Acquired Book By: I am a regular tour hostess for blog tours via Historical Fiction Virtual Book Tours whereupon I am thankful to have been able to host such a diverse breadth of stories, authors and wonderful guest features since I became a hostess! I received a complimentary copy of “Woman Enters Left” direct from the publisher Ballantine Books in exchange for an honest review. I did not receive compensation for my opinions or thoughts shared herein.

Why I wanted to read this release and a note about why I had to postpone participating in the blog tour: or rather, (if you prefer) how Jorie is a lot like Ms Brockmole in her passion for Ephemera & the Historical Past!

I still remember when ‘At the Edge of Summer’ released and how enthused I was for the ‘next’ Jessica Brockmole novel – as she had truly captured everything I love about narrative prose in a uniquely stylised novel within her debut of “Letters from Skye”. Although, her sophomore release was strikingly different than her debut – I was still keenly interested in reading it – could have theoretically as my local library purchased a copy of it, however, it is one of the many titles I’ve placed myself in a holds queue to receive, finding the hours eclipsing off my clock as soon as it arrives to be read! Ergo, it’s her third novel ‘Woman Enters Left’ which is my second reading of hers, rather than my third entreaty into her literary style.

And, what a treat is is for me! I personally *love!* anything to do with the historic past and everything associated with ‘vintage or ephemera’! The two are not connected – as by the ‘historic past’ this is a broad stroke I’m using to talk about how large in scope History is to explore through literary fiction whereas when I refer to ‘vintage’ and ‘ephemera’ I’m talking about a more specific time period – generally contained within the 20th Century, though with some leanings into the 19th.

I first stumbled into vintage art practices when I took up small (mixed media) art collages in my late twenties – if your familiar with Tim Holtz, you know a smidge about what I’m referring too. Let’s just say ‘distressed inks’ were one of the greatest inventions! lol Resources such as vintage image and ephemeral discs curated by collectors and artists themselves helped move the artistic style forward for those of us unable to collect as much as we’d prefer!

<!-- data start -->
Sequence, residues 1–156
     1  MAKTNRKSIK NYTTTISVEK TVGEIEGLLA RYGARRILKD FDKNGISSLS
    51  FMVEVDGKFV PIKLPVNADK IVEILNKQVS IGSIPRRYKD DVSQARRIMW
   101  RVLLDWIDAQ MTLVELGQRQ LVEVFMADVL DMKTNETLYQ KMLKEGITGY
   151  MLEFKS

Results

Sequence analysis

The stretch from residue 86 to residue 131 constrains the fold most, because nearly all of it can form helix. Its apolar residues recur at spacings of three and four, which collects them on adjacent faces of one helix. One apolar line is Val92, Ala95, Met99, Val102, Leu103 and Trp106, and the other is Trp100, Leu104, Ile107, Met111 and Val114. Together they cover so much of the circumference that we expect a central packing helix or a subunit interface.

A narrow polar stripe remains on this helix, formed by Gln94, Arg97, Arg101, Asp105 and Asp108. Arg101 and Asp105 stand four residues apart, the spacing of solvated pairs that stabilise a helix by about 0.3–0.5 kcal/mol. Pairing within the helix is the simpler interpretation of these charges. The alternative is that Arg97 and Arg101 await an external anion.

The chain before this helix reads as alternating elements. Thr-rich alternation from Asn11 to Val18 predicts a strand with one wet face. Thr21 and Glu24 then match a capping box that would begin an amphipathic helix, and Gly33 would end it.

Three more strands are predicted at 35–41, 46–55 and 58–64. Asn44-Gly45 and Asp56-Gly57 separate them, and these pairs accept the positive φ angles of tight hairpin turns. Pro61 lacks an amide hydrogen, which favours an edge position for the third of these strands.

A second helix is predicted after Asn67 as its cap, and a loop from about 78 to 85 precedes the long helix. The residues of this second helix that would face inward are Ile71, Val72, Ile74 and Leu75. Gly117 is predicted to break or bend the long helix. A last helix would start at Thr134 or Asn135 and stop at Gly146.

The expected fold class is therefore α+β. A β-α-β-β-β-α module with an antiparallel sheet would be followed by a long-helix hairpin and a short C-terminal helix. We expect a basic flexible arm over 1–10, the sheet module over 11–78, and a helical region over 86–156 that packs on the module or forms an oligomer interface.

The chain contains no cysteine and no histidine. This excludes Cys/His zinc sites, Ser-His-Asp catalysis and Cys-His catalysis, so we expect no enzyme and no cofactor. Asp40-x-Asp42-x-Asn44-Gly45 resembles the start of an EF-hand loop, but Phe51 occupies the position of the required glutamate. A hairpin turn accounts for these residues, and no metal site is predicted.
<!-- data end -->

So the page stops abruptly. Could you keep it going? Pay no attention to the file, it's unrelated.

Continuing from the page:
However, despite taking a hiatus from my artistic wanderings (as I traded in my mixed media supplies for fibre; hereinafter being Knitty!) I still remember browsing through early-attic shoppes, vintage emporiums, yesteryear auction houses and thrift shoppes of all kinds – seeking not only the obvious, the tangible bits of the past (ie. Postcards, Letters, Photographs, etc) but the not so obvious – the artwork, the jewelry, the furniture, the quilts and the china! Have you ever just humbly browsed the dish rooms at these places? Still my soul!

You can step through a portal of time – not just observing the changes in technology and manufacturing but you can ‘touch’ time itself. You can peer into people’s lives simply by what is left behind after they’ve past on from this world and rightly, start to piece back together a fragment of ordinary life in specific time periods! This is one reason I’ve been drawn into Historical Fiction (and all it’s lovely sub-genres) – it’s a fusion of what is known, what is suspected and what is investigated (or rather sleuthed out) by writers to become ‘re-known’ once again.